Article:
Skip to content
September 18th, 2017

The Water Services Trust Fund in Kenya

The Kenyan government created the Water Services Trust Fund (WSTF) in 2004 as a state corporation established under the Water Act, 2002. Its mandatewas to help finance the delivery of water and sewerage services to areas of Kenya without adequate supply. The WSTF mobilises resources and provides funding, and the programme achieved positive results from the beginning, reaching urban and rural communities alike and developing the country's water infrastructure.

The initiative

The WSTF is a state corporation, which was established in Kenya in 2004 under the Water Act, 2002 with the mandate of assisting "in financing the provision of water services to areas of Kenya which are without adequate water services".[3] Its guiding principles were set out in the Trust Deed of 26 April 2004, and the WSTF became fully operational in 2005.

As a water reform institution, it mobilises resources and provides financial assistance towards the capital investment costs of delivering water services and sanitation. The WSTF operates as a "basket-funding mechanism", encouraging investment by utilities in "last-mile infrastructure". It deploys low-cost technologies, including water kiosks, yard taps, and sanitation facilities.[4]

The challenge

Rapid urbanisation in African cities has not been matched by the construction of the appropriate infrastructure to support the population, meaning that many people in these areas live in informal settlements which lack basic services. “By 2020 it is estimated that more than half of the people of Africa will reside in urban areas, increasing the present urban population from 300 million to 700 million. The high rates of urbanisation, coupled with low rates of economic growth, suggest that this population growth will predominantly occur in the sprawling and underserved informal settlements - where about two-thirds of the people in African cities currently live, most without access to basic water supply, sanitation and electricity services."[1]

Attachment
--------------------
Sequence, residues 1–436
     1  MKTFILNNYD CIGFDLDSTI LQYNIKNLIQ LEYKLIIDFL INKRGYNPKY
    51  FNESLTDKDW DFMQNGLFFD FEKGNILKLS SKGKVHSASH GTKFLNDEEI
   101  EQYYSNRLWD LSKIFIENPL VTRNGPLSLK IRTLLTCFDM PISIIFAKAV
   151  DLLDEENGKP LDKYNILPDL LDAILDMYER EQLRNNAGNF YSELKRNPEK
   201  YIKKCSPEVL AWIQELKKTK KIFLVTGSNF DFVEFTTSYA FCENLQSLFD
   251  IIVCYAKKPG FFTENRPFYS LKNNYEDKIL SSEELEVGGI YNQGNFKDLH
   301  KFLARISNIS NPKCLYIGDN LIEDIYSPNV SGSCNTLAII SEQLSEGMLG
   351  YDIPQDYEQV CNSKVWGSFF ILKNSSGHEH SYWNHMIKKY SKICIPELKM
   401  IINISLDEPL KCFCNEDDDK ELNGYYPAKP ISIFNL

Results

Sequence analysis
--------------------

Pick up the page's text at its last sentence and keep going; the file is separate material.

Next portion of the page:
This was the case in Kenya at the turn of the century, when cities across the country hadlarge and rapidly growing informal settlements, with insufficient utilities to support them. The arrangements for water supply had been weak, resulting in declining investment, a deteriorating level of service, and diminishing financial returns. “Water supply provision in Kenya is characterised by low coverage, unreliable service, poor financial management, and neglected operation and maintenance. This has translated into generally inadequate services which are particularly lacking for the urban poor."[2]

Therefore, there has long been a need in Kenya to expand access to water supplies more evenly and efficiently to all low-income areas .

The public impact

The programme achieved positive results from its early stages, reaching urban communities and developing infrastructure in water and sanitation. An independent evaluation conducted in 2011 also found positive impact from the WSTF's rural programmes, including:

  • "Reduced distance and time taken to fetch water
  • "Increased participation of women in community development
  • "More children, particularly girls, completing primary education
  • "Increased income and employment opportunities within communities
  • "Improved leadership and management skills within communities
  • "Significant reduction in the prevalence of water-borne diseases
  • "Reduction in water-related conflicts